I know no one wants to think they could ever be a victim of fraud however the reality is thousands of Canadians lost more than 10 million dollars to identity fraud in 2014 and authorities say this figure is on the rise year after year. The sad thing is some Canadians do not even know they are the victim of fraud until something extreme happens -- like when bill collectors come calling for their money.
I can tell you of a real life story I know of where a widowed mother became the victim of identity fraud on a wide scale, the widow noticed something strange about her mail -- she was waiting for an important document to arrive and it never did. She called the company in question and they told her the documentation she required was mailed a few weeks ago. The widow was concerned and decided to do some further investigating as to why her other bills did not come through the mail. The more she inquired about her bills the more suspicious she got until she found out what was happening to her mail. Someone stopped her mail from coming to her house and redirected it to another address.
This widow became a victim of fraud so much so, they were able to stop her mail and take out credit in her name too. This widow is now a victim of identity fraud. And she's not alone. Fraudsters enjoy duping unsuspecting Canadians on a daily basis -- it's their full time job.
As it is Fraud Prevention month, consumers should consider the following to guard against identity theft and fraud:
Keep the ID you need
Don't walk around with your birth certificate, passport or social insurance number or ID you simply do not need. The less ID you have on you, the better. Keep the ID you don't need at home in a secure place.
It is a good idea to check your credit report at least once a year.
Why are you holding on to old bills from five years ago? If you don't need it, shred it. Better yet, shred all documents you no longer need with your personal account details on it. It's better to be safe than sorry.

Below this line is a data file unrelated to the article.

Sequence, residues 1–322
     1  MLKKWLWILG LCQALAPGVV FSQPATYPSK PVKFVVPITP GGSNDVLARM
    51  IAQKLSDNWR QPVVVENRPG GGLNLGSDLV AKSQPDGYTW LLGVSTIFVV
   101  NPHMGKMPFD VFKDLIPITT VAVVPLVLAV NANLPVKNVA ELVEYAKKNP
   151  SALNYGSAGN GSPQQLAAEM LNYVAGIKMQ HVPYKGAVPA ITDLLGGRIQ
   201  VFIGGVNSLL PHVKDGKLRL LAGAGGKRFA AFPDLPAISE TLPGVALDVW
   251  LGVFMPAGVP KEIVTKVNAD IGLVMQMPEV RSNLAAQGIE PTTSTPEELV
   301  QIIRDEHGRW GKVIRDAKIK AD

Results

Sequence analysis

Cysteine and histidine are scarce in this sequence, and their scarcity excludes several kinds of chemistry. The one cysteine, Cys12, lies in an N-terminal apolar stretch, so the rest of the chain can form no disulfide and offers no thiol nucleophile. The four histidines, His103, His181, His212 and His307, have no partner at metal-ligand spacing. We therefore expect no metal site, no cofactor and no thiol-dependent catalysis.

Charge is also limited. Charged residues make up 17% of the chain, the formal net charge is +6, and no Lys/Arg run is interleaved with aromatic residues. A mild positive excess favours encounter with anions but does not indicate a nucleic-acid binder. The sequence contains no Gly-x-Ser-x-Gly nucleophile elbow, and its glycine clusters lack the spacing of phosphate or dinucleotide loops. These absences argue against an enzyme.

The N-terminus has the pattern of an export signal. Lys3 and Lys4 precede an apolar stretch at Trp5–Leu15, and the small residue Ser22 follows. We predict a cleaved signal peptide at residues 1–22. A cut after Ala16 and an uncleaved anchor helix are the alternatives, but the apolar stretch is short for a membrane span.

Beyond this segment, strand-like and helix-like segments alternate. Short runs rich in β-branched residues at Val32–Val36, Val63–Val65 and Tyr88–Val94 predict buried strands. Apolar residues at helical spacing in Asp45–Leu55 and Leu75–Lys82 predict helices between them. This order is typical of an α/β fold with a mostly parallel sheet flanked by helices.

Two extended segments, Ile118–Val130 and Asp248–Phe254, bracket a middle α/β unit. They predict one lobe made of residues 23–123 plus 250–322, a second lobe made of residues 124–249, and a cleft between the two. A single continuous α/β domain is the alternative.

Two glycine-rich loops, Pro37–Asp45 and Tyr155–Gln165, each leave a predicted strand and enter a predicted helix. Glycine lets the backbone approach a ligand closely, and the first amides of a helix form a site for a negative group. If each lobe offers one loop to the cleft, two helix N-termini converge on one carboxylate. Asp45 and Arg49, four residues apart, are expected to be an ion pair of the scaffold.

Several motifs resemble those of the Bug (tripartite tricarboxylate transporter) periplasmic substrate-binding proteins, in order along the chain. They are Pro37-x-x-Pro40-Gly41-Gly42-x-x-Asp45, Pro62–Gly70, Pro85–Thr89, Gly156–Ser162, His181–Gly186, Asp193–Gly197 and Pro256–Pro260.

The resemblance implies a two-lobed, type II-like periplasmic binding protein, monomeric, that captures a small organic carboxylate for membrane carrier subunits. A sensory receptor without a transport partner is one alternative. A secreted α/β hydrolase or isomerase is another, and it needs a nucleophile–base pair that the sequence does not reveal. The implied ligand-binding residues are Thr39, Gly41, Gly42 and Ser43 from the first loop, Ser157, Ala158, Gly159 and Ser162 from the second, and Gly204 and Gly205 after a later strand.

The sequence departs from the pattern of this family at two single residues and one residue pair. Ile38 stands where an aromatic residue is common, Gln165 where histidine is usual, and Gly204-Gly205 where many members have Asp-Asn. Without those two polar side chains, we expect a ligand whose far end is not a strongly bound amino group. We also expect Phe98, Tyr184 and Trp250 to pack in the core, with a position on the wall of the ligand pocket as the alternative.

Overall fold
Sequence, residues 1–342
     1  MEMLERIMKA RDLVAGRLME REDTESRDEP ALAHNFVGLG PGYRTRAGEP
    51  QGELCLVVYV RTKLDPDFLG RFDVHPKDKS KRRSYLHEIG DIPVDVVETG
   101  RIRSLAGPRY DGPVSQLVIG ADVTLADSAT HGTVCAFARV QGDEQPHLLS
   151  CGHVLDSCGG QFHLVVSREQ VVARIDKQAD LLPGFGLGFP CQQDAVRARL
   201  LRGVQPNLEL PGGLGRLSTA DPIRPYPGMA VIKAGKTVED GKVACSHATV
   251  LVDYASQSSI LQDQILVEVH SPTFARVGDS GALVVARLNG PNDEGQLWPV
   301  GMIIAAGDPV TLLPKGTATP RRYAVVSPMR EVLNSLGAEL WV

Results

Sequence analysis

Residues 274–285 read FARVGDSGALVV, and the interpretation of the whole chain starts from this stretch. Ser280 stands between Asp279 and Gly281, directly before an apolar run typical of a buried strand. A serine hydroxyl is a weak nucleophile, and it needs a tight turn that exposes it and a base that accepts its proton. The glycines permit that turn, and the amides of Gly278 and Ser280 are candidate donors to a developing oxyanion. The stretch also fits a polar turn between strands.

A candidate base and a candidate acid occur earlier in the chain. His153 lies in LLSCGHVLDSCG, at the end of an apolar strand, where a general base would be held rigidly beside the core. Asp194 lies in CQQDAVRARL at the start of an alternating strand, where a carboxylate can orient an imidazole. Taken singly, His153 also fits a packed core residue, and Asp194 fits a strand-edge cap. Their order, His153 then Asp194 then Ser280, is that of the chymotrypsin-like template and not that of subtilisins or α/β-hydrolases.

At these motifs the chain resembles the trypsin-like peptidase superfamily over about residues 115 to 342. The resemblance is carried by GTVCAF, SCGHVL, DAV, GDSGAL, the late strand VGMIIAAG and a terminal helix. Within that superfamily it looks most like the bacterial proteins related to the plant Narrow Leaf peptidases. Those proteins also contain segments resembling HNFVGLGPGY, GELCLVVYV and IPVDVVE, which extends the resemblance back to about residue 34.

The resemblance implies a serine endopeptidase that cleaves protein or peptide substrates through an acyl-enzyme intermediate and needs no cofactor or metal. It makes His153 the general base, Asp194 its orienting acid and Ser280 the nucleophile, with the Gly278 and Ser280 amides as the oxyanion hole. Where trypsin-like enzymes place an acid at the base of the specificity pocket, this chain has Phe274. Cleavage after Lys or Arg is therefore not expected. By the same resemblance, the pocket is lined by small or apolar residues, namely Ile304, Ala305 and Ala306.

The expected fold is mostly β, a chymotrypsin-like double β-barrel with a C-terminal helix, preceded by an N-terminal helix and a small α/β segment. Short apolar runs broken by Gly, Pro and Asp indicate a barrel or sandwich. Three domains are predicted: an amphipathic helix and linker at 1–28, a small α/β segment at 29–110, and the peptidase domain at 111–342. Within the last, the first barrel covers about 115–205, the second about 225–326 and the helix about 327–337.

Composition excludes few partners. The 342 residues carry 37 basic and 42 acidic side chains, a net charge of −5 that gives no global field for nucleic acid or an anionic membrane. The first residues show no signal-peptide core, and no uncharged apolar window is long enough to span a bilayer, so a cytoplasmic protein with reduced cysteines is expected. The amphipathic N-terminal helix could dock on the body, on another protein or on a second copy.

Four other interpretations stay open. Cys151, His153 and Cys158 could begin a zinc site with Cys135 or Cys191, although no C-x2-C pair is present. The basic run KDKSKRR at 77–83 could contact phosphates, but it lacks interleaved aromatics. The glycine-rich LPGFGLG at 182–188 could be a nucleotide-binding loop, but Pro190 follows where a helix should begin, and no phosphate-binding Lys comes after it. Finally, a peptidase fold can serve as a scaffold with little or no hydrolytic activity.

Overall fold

You know you best!
Check your bank and credit card statements on a regular basis (at least once a month is better than nothing). Check your statements and be on the lookout for anything suspicious (even if it's something small -- report it). Fraudsters start off small and then work their way up to larger amounts of cash. So if you notice something out of the ordinary -- report it to your bank or creditor right away.
It is a good idea to check your credit report at least once a year. Contact TransUnion and Equifax to see if there's anything fishy on your credit report.
Keep all of your online passwords secure and keep them strong. It's a good practice to use upper and lower case letters as well as letters and symbols and change them every quarter.
Treat your name, date of birth and address like it is priceless. Do not release this information freely to just anyone. Fraudsters like to call unsuspecting consumers to obtain as much information as they possibly could.
Sometimes every precaution is still not enough to avoid fraud. If you are a victim of fraud -- the first step is to report it as soon as possible. Do not feel embarrassed that somehow you got caught. Fraudsters are opportunists at best and all they need is for someone to let their guard down for a second and they're in. If you are a victim of fraud contact the following authorities:
• Canadian Anti-Fraud Centre
• Competition Bureau of Canada
• Ontario Provincial Police
• Financial Consumer Agency of Canada
Remember the faster you are at catching fraud -- the quicker you will be able to recover from it.
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